Three Scrooges, Part 9 of 12: Strange Scrooge, Kill What’s Inside of You…

Three Scrooges, Part 9 of 12: Strange Scrooge, Kill What’s Inside of You…
                Thought of the blog: If the Ghost of Christmas Past only lived during Christmas Day, and he supposedly visited Scrooge “the next night at the same hour”. That would have been 1:00 amDecember 26th – wouldn’t he have been dead for an hour by this time (of course a ghost cannot be dead, by that I mean he no longer existed… )? If Marley visited Scrooge after midnight (and the second stave seems to imply), then the Ghost of Christmas Present may have visited Scrooge on December 27th– and would have been dead for the prior 25 hours.
                One “Thought of the blog” has been resolved – how long has Cratchet been employed. In “The End of It” Scrooge wishes Cratchet a Merrier Christmas “than I have given you, for many a year.” So Bob had worked for Scrooge several years – thus this was Fred’s first visit to his uncle to invite him to Christmas dinner!
WELL KNOWN SCROOGES
                “Scrooged” was a theatrical movie starring Bill Murray from 1989. It met to mixed reviews but did fairly well at the box office and has since become very popular. It is a modern take of the Carol tale in which Scrooge is the CEO of a successful television network. He is cruel to his employees and family until three ghosts shows him the past, present and future. He redeems and reconnects with his family and lost love.  There the similarity with the Dickens’ tale ends. Wonderful special effects, a funny script and good acting on all parts make this a fun movie.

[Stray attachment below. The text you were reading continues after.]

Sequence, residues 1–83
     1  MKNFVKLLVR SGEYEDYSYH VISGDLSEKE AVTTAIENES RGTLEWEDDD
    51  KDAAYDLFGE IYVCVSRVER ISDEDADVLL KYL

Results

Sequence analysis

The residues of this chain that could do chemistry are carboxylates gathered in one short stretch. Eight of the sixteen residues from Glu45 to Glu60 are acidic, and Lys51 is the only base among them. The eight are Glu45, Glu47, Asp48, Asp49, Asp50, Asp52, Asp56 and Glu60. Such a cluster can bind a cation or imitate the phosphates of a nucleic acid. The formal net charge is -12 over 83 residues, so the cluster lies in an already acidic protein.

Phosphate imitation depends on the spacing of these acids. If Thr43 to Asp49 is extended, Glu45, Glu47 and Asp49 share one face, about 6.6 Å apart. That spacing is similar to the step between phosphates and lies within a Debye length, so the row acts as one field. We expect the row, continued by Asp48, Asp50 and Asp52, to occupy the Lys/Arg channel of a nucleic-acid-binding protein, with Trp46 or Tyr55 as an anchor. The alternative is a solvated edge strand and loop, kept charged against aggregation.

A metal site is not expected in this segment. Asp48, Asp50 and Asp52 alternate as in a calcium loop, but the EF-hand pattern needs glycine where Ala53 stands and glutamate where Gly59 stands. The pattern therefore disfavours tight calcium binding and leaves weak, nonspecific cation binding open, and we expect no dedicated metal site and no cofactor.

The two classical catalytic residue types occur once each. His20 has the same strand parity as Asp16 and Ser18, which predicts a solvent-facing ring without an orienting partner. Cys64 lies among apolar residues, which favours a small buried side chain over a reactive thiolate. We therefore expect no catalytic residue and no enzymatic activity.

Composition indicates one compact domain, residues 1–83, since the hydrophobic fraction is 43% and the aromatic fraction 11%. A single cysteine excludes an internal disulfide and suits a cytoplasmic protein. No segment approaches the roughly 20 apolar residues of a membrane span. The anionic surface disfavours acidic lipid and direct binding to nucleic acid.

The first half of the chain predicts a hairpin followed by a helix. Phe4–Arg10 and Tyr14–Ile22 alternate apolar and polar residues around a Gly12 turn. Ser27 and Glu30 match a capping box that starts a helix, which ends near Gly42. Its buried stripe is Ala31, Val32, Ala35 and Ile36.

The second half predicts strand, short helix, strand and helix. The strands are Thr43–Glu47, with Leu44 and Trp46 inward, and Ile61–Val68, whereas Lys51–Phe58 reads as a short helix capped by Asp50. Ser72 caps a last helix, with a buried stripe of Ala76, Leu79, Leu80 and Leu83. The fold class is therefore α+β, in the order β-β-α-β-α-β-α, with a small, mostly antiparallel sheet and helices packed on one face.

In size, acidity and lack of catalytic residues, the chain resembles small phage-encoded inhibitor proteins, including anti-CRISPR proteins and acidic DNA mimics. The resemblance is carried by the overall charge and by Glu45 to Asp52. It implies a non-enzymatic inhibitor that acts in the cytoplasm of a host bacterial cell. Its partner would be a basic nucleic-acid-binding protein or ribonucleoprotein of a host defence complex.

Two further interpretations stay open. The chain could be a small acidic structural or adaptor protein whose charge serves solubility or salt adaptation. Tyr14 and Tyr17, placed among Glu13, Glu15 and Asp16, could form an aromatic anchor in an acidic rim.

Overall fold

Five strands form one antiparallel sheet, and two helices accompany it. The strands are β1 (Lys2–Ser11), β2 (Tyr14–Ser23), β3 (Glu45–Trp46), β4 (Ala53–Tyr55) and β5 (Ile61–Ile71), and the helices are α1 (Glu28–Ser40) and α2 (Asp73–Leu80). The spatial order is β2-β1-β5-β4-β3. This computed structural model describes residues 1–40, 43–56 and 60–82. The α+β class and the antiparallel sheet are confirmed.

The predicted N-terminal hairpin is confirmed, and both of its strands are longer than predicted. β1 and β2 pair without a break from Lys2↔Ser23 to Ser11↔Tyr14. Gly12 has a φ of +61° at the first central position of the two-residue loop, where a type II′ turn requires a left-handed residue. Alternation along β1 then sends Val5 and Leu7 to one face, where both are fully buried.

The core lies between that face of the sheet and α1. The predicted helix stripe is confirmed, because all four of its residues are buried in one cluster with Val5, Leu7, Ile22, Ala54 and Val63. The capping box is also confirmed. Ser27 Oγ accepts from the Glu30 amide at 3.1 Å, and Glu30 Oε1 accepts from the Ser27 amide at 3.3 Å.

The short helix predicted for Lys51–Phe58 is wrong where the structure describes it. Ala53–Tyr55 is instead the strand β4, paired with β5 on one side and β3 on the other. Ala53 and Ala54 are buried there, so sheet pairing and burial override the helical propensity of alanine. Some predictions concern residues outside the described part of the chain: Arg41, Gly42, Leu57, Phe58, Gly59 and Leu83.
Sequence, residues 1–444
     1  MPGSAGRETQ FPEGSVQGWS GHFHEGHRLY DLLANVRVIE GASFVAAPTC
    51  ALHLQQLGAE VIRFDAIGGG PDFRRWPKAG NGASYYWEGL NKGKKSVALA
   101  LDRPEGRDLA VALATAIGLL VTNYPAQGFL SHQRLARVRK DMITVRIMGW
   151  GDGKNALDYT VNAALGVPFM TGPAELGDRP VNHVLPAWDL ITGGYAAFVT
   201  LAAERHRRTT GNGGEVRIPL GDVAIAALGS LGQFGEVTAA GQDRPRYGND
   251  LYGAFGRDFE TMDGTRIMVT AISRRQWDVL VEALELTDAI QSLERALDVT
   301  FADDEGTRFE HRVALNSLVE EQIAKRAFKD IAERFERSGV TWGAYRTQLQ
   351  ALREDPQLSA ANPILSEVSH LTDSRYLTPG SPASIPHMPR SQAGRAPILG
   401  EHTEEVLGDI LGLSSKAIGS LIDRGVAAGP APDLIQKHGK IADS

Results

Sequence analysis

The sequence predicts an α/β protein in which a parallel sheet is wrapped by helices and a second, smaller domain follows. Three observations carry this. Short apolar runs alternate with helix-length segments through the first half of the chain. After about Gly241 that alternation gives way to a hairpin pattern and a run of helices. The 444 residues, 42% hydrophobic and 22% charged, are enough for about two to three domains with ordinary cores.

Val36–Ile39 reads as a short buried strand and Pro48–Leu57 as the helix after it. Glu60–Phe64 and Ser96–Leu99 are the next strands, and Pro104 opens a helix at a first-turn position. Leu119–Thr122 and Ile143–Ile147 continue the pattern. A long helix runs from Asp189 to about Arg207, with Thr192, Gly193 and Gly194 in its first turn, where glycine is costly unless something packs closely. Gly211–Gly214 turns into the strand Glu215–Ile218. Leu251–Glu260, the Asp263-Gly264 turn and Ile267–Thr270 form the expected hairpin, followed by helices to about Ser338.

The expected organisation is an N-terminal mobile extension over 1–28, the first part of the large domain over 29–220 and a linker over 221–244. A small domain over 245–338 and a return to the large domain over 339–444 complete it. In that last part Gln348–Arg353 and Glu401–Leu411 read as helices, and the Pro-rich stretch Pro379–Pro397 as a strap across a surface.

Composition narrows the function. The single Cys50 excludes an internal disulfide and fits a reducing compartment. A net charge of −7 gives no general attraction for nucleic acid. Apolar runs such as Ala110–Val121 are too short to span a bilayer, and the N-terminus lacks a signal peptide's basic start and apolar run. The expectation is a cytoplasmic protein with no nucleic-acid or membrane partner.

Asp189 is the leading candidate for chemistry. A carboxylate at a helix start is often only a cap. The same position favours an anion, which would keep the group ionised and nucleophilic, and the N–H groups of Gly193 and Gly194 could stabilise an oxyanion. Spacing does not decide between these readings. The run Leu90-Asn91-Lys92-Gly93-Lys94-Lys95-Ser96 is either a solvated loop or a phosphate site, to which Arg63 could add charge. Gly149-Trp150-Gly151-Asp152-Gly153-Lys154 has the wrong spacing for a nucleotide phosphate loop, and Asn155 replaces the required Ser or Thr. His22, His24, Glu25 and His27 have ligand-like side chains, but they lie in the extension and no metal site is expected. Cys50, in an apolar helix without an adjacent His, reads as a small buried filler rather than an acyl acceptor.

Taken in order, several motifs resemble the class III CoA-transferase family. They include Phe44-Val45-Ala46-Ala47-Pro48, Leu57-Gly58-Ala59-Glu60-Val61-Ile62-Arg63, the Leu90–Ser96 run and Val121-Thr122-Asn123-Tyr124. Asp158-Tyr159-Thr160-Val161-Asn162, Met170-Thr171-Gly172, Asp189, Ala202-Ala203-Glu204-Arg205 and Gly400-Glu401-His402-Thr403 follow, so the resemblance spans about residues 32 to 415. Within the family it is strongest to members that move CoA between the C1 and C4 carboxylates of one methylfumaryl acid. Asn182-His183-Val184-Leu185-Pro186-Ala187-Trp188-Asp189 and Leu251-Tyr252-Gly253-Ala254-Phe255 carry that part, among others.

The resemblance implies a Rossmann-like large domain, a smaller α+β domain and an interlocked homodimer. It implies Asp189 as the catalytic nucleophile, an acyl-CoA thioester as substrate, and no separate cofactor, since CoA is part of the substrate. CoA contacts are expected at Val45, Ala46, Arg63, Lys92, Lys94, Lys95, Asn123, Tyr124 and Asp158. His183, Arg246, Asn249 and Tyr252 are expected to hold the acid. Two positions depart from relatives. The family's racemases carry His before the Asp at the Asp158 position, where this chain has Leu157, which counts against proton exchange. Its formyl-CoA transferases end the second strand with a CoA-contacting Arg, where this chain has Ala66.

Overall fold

Social satire abounds – especially when it punctures the state of mass entertainment.
                Hold on to your belts: the 2004 Barnes & Noble Classic paperback “A Christmas Carol, the Chimes and The Cricket on the Hearth” by Charles Dickens, Katharine Kroeber Wiley calls Bill Murray’s take on Scrooge one the most accurate depiction of Scrooge as Dickens intended. Wow. It’s true – his cynicism and redemption both seem true and realistic. Murray is an expert at playing the wisenheimer (think “Stripes” only meaner) and chews the scenery in the last bit as the cast sings into the camera to their Christmas Eve audience, but I would bet anyone who knew a network CEO would say how well he nails their personalities. “… greed, gluttony and sleazy self-indulgence …”? Nailed it!
RARE SCROOGES
                “Rich Little’s Christmas Carol” – only in my blog and Rich Little’s website will you see his name and “comic genius” in the same sentence. I LOVE Rich Little. His mimicking ability steals every scene in every show he has guest-starred –  from Carol Burnett to the Muppet Show. But he has never been able to capture the magic in a show on his own. This TV special from 1978 is a great example.
                I saw it when it aired and I want my 60 minutes back.
                Little played most of the roles – WC Fields as Scrooge (actually a good choice – he would have made a good Scrooge…) and Paul Lynde, Nixon and Little’s flawless Johnny Carson and Humphrey Bogart all in various other roles. What could have been a great idea if more thought was put into applying the right voice to the right character fell flat. It was not funny. Worse, it was Bob-Hope-in-his-later-years lame.
UNSEEN SCROOGES (version I have not seen but will review anyway, oh like that’s never been done by professional critics…)
                “A Country Christmas Carol” with Hoyt Axton as Scrooge and “Scrooge’s Rock ‘N Roll Christmas” with Jack Elam as Scrooge.
                These beg to being spoofed, don’t they? Like “Carol” doesn’t lend itself to being spoofed anyway…
                 The Country version could have Hank Williams, Hank Williams Jr. (if you could pry the tin foil off his head) and Hank Williams III as the Ghosts…
                I actually wrote and drew a rock version of Christmas Carol in 1986 or so. Eric Clapton was convinced to stop his synth-pop nonsense from the mid 1980s to go back to real rock and roll. Elvis as Ghost of Rock-n-roll Past, Tom Petty as Present and a faceless computer jock as Yet to Come. Of course he was forewarned of their visit by the ghost of Bob Marley (I was particularly pleased with that one…)
NEXT:  Part 10, Big Guns!
Copyright 2012 Michael G. Curry
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